The Doctor Visit
by Pamela Rosenblum
Once a person has been diagnosed with Lewy body dementia (LBD), it is important to establish a good working relationship with the specialist, usually a neurologist, who is involved in their care. Because of the nature of LBD, the visit with the physician can become fraught with emotional conflicts. Often as a caregiver you want to let the doctors know what has been happening, about any changes in the behavior of the person with LBD, what you observe about the effect of medications, etc. Many caregivers find it helpful to keep a designated “for the doc” journal so as things come up you can jot them down, and take to appointments.
It is not unusual in our caregivers’ support groups to hear of loved ones, who are living with LBD, becoming angry with their caregiver (often a spouse) for saying things to the doctor that the person doesn’t agree with. This makes emotional sense. Accepting that one has any form of dementia is alternately terrifying, enraging, and overwhelming. Wanting to maintain control and speak for themselves is a natural reaction. While everyone’s relationships are unique, here are a few ideas that can help things go more smoothly during the visit.
First, even at the earliest stages of the disease, it is imperative that a responsible person—a family member or other caregiver—be in the room with the physician and the patient. This may seem like an obvious given to some, but to people who have—their entire adult lives—gone on their own to doctors, having their partner/caregiver be present may feel intrusive and even infantilizing. This is true mostly in the very early stages of diagnosis or even the beginning of trying to find out “what’s going on.” Often at this early stage. the patient may have already expressed some concern that they are having some cognitive problems. For example, they may have expressed frustration about difficulties with formerly simple tasks like paying bills, filling a weekly pill box, and making simple decisions. If a person balks at having their partner in the room during the exam, it is often enough to gently remind the person that they both want to get whatever help there may be to solve these frustrating problems and that both being present together is the best way to do that. Establishing that you are both in this together can be comforting.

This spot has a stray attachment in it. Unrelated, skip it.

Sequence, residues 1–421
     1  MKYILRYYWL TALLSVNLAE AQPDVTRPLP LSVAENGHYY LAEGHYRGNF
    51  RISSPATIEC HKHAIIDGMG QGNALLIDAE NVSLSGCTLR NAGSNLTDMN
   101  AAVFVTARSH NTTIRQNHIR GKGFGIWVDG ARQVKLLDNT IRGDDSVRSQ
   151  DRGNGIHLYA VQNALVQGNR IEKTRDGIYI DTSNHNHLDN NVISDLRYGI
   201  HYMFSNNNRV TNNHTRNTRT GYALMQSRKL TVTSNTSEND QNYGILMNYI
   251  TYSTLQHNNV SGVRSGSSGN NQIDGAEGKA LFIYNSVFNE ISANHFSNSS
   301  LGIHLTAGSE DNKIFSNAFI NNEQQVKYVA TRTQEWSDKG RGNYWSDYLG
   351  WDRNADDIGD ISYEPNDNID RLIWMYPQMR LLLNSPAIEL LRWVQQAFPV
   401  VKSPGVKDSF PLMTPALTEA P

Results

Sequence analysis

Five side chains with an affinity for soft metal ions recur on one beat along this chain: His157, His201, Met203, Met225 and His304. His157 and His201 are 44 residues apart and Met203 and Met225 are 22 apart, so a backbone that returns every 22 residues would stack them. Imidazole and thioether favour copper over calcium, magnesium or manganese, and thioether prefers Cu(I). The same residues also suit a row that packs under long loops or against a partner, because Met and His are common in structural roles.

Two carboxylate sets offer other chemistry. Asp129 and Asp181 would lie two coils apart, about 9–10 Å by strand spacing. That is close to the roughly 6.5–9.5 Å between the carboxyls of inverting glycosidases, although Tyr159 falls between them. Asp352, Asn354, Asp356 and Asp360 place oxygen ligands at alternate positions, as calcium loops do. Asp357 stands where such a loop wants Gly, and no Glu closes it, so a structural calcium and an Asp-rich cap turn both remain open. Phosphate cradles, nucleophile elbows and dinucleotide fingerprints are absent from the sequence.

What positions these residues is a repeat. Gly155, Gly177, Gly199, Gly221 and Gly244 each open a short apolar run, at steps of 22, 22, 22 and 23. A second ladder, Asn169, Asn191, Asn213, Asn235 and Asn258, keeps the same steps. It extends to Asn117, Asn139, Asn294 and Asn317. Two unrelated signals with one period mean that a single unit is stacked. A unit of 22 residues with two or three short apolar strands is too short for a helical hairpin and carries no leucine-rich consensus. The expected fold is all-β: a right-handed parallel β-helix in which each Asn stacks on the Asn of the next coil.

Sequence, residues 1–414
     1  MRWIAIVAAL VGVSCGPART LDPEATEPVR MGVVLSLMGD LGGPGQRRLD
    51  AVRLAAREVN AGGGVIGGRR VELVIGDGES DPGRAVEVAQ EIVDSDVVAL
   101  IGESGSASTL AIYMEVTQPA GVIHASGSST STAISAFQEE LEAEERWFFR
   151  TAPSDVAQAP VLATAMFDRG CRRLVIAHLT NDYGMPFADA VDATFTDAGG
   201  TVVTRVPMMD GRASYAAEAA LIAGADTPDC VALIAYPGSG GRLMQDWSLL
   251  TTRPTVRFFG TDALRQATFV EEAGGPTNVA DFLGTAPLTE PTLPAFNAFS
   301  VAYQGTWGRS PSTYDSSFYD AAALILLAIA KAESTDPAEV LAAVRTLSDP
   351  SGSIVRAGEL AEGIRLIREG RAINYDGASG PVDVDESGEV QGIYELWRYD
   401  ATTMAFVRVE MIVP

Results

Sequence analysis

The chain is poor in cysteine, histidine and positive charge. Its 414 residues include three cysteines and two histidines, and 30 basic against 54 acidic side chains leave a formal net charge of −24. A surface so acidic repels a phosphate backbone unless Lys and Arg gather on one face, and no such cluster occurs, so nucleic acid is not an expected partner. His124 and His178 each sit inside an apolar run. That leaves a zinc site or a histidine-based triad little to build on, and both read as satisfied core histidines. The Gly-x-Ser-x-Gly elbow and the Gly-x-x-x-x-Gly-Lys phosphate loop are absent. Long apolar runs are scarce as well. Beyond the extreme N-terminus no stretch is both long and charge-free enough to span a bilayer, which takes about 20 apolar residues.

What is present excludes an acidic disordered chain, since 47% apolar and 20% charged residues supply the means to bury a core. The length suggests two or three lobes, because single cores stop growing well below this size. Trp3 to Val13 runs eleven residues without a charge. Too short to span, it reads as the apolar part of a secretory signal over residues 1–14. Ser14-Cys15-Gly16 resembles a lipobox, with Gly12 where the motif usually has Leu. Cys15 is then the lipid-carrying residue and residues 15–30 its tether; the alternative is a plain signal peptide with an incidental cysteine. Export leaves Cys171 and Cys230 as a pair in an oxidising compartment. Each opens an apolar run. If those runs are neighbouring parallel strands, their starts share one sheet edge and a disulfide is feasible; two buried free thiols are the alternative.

Once the person with LBD has accepted that you will be present while the doctor asks questions, the problem often occurs after the visit. First, there is the “show time” phenomena during the visit, where the person with LBD seems to cognitively rise to the challenge and presents as sharper, higher functioning, and more capable than at home. Following an early visit, my husband was angry that I contradicted the answers he gave to questions. It was true; the doctor would ask him a question such as “are you having trouble finding words?” He responded as his “old self” with humor and wit and denied any troubles, while I knew that at home he’d turn to me in frustration expecting me to fill in whatever word he was searching for. When the doctor then turned and ask me the same question, I indeed contradicted his answer. This upset my husband very much, which was understandable.